Sophie Scholl The Final Days Directed by Marc Rothemund. Available on DVD.
Early in 1943, at the time of Stalingrad, there was a widespread resistance movement amongst the students at Munich University called the White Rose. This film, based on historical records (letters, transcripts of the trial) tells the true story of how three students were caught and tried for writing and distributing anti-Nazi leaflets, and focuses on one of them. Sophie Scholl (Julia Jentsch), a devout protestant, remains resolute in her belief that the Nazi regime is inhuman and will be vanquished. She refuses not only to betray her companions but in any way to exonerate herself by relinquishing her beliefs. What does her interrogator think and feel? Sometimes he rants violently- “There is no God!”- sometimes he submits to silence.
Many members of the White Rose were in fact later captured; most were executed. Fine, spirited, intelligent young men and women, who could have made a significant contribution to post-war Germany, had they kept their heads down. Or was it more important to make this sacrifice, as an example? How would I have manifested? Could I have been as resolute as Sophie?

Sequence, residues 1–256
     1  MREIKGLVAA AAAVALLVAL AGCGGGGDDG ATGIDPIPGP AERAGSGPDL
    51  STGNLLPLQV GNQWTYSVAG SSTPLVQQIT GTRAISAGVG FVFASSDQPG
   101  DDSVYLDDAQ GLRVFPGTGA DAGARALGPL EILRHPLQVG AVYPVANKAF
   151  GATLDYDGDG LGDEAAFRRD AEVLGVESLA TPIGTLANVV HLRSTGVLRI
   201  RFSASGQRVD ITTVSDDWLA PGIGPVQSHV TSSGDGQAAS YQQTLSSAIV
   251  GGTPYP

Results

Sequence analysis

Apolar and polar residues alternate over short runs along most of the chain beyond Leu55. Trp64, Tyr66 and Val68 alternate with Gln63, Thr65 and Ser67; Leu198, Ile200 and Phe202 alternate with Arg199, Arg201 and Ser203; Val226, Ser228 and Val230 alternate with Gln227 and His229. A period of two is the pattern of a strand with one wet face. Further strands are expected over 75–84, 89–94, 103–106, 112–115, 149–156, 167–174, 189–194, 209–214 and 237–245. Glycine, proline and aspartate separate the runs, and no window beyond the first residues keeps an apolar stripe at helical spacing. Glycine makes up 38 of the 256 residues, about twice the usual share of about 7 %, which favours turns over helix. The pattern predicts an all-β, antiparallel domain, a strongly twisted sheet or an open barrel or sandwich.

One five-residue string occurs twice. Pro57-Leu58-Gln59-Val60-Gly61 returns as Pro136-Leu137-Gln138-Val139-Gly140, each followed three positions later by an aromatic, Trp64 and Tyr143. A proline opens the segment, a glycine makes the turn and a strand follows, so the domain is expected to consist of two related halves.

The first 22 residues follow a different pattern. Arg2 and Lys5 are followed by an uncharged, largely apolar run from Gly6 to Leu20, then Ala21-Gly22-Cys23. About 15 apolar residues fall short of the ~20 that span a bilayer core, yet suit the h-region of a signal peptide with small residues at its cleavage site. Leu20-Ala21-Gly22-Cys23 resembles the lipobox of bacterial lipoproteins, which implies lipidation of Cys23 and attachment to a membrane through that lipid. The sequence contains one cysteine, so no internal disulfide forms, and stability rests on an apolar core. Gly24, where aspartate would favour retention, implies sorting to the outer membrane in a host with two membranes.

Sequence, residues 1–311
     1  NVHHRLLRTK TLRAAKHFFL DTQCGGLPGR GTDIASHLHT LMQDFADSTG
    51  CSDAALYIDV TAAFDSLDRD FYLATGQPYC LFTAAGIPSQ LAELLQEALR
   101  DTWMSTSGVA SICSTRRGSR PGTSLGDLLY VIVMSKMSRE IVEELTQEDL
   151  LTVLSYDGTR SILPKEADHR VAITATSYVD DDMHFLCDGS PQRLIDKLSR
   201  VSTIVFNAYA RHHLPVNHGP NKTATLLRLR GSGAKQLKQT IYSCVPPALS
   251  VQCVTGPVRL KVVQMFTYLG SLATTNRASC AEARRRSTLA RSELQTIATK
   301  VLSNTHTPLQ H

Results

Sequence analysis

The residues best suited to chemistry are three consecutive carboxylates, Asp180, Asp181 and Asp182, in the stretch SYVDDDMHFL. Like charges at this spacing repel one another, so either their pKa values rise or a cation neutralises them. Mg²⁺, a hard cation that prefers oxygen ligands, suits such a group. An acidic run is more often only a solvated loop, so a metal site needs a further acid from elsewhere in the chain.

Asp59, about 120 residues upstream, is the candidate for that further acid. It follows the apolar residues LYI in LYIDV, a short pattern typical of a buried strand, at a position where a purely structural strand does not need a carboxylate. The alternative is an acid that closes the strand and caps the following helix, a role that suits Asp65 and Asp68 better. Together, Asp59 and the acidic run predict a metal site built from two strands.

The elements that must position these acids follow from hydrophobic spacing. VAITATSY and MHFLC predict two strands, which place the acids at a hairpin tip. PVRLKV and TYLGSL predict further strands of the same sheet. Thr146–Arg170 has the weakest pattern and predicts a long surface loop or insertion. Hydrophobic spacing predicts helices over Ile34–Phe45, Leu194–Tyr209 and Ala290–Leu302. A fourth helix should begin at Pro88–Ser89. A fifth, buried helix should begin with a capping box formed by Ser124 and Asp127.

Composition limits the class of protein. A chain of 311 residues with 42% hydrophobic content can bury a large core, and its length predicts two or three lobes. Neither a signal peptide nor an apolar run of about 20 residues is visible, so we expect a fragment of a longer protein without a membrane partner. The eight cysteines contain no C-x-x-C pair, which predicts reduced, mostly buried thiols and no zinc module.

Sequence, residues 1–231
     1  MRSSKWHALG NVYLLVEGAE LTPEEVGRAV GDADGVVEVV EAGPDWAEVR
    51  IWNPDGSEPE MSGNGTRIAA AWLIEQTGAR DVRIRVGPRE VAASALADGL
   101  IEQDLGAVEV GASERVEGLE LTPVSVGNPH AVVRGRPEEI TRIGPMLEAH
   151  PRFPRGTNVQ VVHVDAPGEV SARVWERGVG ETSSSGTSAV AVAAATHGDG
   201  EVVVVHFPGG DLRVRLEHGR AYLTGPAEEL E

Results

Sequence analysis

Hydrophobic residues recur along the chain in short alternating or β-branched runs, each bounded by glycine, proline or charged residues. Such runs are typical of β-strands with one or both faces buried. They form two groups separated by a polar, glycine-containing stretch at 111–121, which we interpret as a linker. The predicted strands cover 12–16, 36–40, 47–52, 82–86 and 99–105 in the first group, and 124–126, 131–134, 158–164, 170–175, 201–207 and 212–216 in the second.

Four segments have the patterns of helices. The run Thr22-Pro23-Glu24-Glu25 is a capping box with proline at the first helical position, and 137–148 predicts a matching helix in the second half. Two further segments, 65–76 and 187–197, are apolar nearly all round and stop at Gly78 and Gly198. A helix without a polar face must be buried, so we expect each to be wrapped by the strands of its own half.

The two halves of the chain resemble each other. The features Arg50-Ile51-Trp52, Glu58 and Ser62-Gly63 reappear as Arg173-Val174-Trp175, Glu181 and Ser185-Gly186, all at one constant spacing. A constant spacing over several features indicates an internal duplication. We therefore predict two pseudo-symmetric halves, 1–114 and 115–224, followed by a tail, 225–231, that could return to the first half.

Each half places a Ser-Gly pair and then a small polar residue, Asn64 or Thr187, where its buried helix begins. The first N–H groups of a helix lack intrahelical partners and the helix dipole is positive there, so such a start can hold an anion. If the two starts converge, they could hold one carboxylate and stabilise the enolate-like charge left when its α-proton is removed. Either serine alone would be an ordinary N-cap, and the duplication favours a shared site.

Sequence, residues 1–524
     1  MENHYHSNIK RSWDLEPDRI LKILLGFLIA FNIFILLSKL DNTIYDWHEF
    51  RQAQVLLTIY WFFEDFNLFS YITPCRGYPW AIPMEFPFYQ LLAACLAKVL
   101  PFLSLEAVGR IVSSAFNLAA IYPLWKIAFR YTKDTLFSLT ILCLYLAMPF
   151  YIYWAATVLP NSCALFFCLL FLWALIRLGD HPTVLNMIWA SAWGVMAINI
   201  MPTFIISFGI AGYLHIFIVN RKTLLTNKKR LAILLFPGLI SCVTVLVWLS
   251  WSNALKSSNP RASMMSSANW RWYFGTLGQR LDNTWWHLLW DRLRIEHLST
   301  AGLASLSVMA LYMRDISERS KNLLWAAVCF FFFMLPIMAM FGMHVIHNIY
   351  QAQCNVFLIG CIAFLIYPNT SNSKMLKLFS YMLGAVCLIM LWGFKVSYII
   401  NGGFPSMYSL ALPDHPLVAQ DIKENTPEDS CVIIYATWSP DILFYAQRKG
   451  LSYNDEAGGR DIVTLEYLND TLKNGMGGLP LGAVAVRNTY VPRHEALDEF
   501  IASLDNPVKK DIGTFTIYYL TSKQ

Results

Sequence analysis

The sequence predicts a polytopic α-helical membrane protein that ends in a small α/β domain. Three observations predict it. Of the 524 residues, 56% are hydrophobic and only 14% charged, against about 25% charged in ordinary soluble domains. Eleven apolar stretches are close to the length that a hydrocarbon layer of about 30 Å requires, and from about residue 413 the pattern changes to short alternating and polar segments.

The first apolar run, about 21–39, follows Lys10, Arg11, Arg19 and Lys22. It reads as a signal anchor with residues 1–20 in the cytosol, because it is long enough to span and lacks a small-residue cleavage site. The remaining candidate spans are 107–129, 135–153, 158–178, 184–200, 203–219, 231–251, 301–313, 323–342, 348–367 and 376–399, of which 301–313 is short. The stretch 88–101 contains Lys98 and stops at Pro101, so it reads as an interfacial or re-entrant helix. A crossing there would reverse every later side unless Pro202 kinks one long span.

Presiding at the trial as judge was a man described as a former “Communist Kommissar”. Some viewers may not know that in 1919, in the chaos of defeat, communists staged revolutions in several German cities, including Munich, and temporarily installed régimes with “Kommissars”.
Although this is not a film of the quality of “The Lives of Others”, I am left wondering at what others, nearly of my own generation, had to live through.
A copy of the leaflet was sent via Sweden to England by von Moltke, one of the leading opponents of Hitler. Thousands of copies were distributed by allied planes all over Germany- yet all efforts by the German resistance to obtain support from the allies were rejected.